Burnett, P.C. (2005)


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This thesis provides baseline data on the variability of prehistoric lithic scatters documented across surfaces in the central Absaroka Range of northwestern Wyoming. Prehistoric hunter-gatherer behaviors and landscape attributes driving this variability are interpreted, and the dimensions controlling
archaeological variability in this montane setting are defined. Themes of behavioral continuity and change are common to researching human systems, and in the Absaroka Range this research is especially relevant for anthropologists and earth scientists studying Holocene change.

A total of 26,478 records of flaked stone data have been documented in situ within the montane watersheds of the Upper Greybull and Wood rivers, collectively referred to as the “Upper Greybull” for brevity. To describe the archaeological variability of these data, the periods of prehistoric human
occupation are first defined. The method of lithic cross-dating is used on the projectile point sample (n =224) to establish this sequence of prehistoric occupation. These artifacts were spread across 1050 km2, and variability in the abundances of projectile points is assumed to roughly reflect the intensity of occupation in the area. The results conform to other montane chronologies in the region, showing that the montane landscapes of the central Rocky Mountains were used maximally during the Late Archaic period (ca. 3000 –
1500 Radiocarbon Years Before Present [RCBP]), and that this land use was sustained but may have been slightly lower during the Late Prehistoric period (ca. 1500 – 250 RCBP). Land use earlier in the Holocene is evident, but it appears to have more than doubled during the Late Archaic.

Artifact diversity associated with the diagnostic projectile points reflects some of the behavioral diversity of the hunter-gatherers that lived in this ecosystem. A GIS is used to create artifact clusters that are compared in terms of three variables: size (number of artifacts), toolstone variability, and artifact type
variability. While small clusters are by far the most populous, assemblages of all sizes occur in all elevations of the Upper Greybull. Large high elevation clusters were produced at toolstone procurement workshops, whereas large clusters in the low and middle montane elevations were made during residential camping activities.

To compare the variability in toolstone and artifact types in these assemblages, two indices are developed: the Toolstone Variability Index (TVI) and the Artifact Type Variability Index (AVI). These indices provide useful structure for the comparison of artifact assemblages not only in the Upper Greybull, but from any sample of assemblages with artifact type and toolstone data. Upper Greybull clusters exhibit a wide range of sizes and TVI and AVI values, but there is a tendency for clusters to have similar characteristics rather than each cluster being unique. This similarity reflects patterned settlement and subsistence behavior in response to topography and resource availability.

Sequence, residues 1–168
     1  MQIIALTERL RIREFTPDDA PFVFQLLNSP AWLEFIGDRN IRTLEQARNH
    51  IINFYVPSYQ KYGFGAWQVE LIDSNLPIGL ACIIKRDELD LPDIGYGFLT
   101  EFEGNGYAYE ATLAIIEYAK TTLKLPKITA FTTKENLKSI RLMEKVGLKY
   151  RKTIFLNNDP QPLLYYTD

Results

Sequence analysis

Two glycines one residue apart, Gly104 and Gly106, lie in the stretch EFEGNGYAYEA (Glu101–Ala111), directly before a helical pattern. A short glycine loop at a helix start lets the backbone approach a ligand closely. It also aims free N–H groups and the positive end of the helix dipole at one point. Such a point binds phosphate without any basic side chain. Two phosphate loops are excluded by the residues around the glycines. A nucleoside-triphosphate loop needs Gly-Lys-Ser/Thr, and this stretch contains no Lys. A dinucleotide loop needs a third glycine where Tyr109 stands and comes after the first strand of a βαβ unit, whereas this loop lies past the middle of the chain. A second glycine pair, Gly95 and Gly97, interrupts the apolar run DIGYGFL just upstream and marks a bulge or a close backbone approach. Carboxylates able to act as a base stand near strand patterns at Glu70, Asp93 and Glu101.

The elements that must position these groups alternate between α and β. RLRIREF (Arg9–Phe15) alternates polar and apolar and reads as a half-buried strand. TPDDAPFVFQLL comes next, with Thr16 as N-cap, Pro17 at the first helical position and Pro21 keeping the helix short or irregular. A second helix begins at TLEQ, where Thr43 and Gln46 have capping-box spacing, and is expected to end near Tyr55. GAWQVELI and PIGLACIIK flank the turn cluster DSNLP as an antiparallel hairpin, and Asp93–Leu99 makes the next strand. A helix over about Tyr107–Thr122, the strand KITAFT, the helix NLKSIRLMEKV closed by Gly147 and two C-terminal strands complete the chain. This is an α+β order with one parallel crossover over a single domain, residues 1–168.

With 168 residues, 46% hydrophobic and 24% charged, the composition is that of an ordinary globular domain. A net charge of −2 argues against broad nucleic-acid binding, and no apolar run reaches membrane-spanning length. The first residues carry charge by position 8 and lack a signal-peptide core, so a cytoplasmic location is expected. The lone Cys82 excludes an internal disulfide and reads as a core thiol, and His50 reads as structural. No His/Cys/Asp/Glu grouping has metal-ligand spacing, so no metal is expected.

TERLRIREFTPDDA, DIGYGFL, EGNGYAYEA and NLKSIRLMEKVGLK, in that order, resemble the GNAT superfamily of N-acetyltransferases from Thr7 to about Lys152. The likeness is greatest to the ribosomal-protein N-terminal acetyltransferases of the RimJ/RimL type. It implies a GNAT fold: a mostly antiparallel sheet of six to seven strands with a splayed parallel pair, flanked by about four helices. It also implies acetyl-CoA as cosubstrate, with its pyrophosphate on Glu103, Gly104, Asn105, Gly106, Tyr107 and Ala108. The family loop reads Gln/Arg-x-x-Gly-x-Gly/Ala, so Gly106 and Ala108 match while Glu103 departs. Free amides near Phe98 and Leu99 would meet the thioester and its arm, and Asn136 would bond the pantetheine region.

Variability in cluster toolstone proportions are largely conditioned by proximity to source areas. The nearest obsidian sources are on the western side of the Greater Yellowstone Ecosystem (GYE), and its presence in the Upper Greybull on the eastern side of the GYE indicates that hunter-gatherer mobility
patterns of the GYE included seasonally-patterned east-west intermontane travel in the course of a year. Most obsidian is associated with late Holocene time periods (post-3000 RCBP), indicating that patterned intermontane mobility regimes may not have been as common in the early Holocene as they were later.

Cluster artifact type proportions vary widely across the Upper Greybull. Both typical and atypical artifact type proportions are found throughout the sampled space. In the lower elevations (below ca. 2800 masl), projectile points are atypically abundant. These are the product of retooling activities conducted at
residential camps. Artifact type proportions are more variable in clusters not containing projectile points, and the majority of these clusters reflect task-specific non-residential activities.

Changing projectile point abundance and obsidian content indicates that the intensity of hunter-gatherer land use involving intermontane travel across the GYE increased after 3000 RCBP, and perhaps as early as 5000 RCBP, but reasons for this increased travel are unclear. Although regional mobility appears to have changed through time, artifact type proportions remained relatively unchanging in the Upper Greybull. This reflects low diachronic variability in local hunter-gatherer behaviors through time, amidst changes in regional mobility patterns. The intensity of land use changed through time, but similar
behaviors were employed when hunter-gatherers used the Upper Greybull landscape. This synthesis of surface lithic scatters in the Upper Greybull is proof that meaningful interpretations of prehistoric behavior can be drawn from an individual artifact-based approach to surface archaeological documentation.

Paul Burnett. Anthropology Department, Colorado State University. Fort Collins, CO 80523. Summer 2005